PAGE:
Get 20M+ Full-Text Papers For Less Than $1.50/day. Start a 14-Day Trial for You or Your Team.

Learn More →

A prosodic explanation of the 3rd tone sandhi in Mandarin

A prosodic explanation of the 3rd tone sandhi in Mandarin Abstract From the hitherto existing proposals in the literature, no satisfactory explanation has been provided regarding the different sandhi behaviors in such tonal pair as xiaojie ‘young lady’jiejie ‘elder sister’ in Mandarin. This paper attempts to demonstrate through acoustical evidence that accent blocks sandhi, and provide a prosodic explanation to the Mandarin 3rd tone sandhi. The acoustical evidence of the minimal pairs (A) xiaoxiao ‘small’ vs. (B) xiaoxiao (a little boy's nickname) shows that in (A) sandhi occurs, while in (B) no sandhi takes place. This is because the degrees of accent in the first xiao of (A) and (B) differ: the first xiao is more accented in (B) than in (A). Accent and sandhi are incompatible: accent bleeds sandhi. The rules by which accent blocks sandhi are as follows: when the 3rd tone is the right-head of an accent constituent, it does not undergo sandhi; when the 3rd tone is the left-head of an accent constituent or is not at all the head, it undergoes sandhi. However, when this left-headed or not-headed 3rd tone receives a greater degree of accent, it remains unchanged. This prosodic approach provides an explanation to the different sandhi behaviors of the pair xiaojie/jiejie. http://www.deepdyve.com/assets/images/DeepDyve-Logo-lg.png Acta Linguistica Hafniensia: International Taylor & Francis

A prosodic explanation of the 3rd tone sandhi in Mandarin

A prosodic explanation of the 3rd tone sandhi in Mandarin

Abstract

Abstract From the hitherto existing proposals in the literature, no satisfactory explanation has been provided regarding the different sandhi behaviors in such tonal pair as xiaojie ‘young lady’jiejie ‘elder sister’ in Mandarin. This paper attempts to demonstrate through acoustical evidence that accent blocks sandhi, and provide a prosodic explanation to the Mandarin 3rd tone sandhi. The acoustical evidence of the minimal pairs (A) xiaoxiao ‘small’ vs. (B)...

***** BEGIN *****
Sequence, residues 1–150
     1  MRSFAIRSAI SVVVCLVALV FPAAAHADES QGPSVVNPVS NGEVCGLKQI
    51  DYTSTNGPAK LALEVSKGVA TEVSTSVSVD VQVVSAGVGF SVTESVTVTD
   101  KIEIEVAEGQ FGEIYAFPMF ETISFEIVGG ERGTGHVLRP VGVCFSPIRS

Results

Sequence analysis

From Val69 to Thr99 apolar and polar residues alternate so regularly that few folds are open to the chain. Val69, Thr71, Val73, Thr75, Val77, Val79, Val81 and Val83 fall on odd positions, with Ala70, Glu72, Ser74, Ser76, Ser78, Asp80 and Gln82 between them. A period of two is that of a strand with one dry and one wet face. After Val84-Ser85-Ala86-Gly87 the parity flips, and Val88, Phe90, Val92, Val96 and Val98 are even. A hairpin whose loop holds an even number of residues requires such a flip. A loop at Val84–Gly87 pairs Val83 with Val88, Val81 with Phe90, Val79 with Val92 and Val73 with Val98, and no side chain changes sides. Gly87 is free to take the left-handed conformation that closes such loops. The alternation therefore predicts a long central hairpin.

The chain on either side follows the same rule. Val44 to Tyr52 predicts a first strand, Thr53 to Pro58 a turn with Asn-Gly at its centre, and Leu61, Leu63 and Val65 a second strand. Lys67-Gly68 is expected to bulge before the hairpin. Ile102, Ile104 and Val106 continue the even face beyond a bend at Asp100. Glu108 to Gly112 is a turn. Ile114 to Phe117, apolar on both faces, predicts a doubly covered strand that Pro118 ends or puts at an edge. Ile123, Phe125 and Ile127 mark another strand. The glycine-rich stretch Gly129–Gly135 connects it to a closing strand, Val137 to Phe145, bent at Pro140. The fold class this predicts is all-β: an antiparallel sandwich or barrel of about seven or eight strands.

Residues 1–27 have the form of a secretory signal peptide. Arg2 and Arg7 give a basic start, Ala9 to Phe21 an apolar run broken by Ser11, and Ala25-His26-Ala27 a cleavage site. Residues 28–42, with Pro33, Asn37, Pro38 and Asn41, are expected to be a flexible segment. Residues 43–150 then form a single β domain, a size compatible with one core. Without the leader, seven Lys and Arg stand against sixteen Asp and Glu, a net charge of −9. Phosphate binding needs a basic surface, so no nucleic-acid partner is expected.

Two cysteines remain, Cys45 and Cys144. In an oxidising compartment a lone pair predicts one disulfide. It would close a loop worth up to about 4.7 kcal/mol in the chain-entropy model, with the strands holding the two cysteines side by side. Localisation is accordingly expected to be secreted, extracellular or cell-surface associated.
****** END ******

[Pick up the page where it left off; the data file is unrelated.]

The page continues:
Loading next page...
 
/lp/taylor-francis/a-prosodic-explanation-of-the-3rd-tone-sandhi-in-mandarin-8PSbYgGJFX
Publisher
Taylor & Francis
Copyright
Copyright Taylor & Francis Group, LLC
ISSN
1949-0763
eISSN
0374-0463
DOI
10.1080/03740463.1991.10412262
Publisher site
See Article on Publisher Site

Abstract

Abstract From the hitherto existing proposals in the literature, no satisfactory explanation has been provided regarding the different sandhi behaviors in such tonal pair as xiaojie ‘young lady’jiejie ‘elder sister’ in Mandarin. This paper attempts to demonstrate through acoustical evidence that accent blocks sandhi, and provide a prosodic explanation to the Mandarin 3rd tone sandhi. The acoustical evidence of the minimal pairs (A) xiaoxiao ‘small’ vs. (B) xiaoxiao (a little boy's nickname) shows that in (A) sandhi occurs, while in (B) no sandhi takes place. This is because the degrees of accent in the first xiao of (A) and (B) differ: the first xiao is more accented in (B) than in (A). Accent and sandhi are incompatible: accent bleeds sandhi. The rules by which accent blocks sandhi are as follows: when the 3rd tone is the right-head of an accent constituent, it does not undergo sandhi; when the 3rd tone is the left-head of an accent constituent or is not at all the head, it undergoes sandhi. However, when this left-headed or not-headed 3rd tone receives a greater degree of accent, it remains unchanged. This prosodic approach provides an explanation to the different sandhi behaviors of the pair xiaojie/jiejie.

Journal

Acta Linguistica Hafniensia: InternationalTaylor & Francis

Published: Jan 1, 1991

References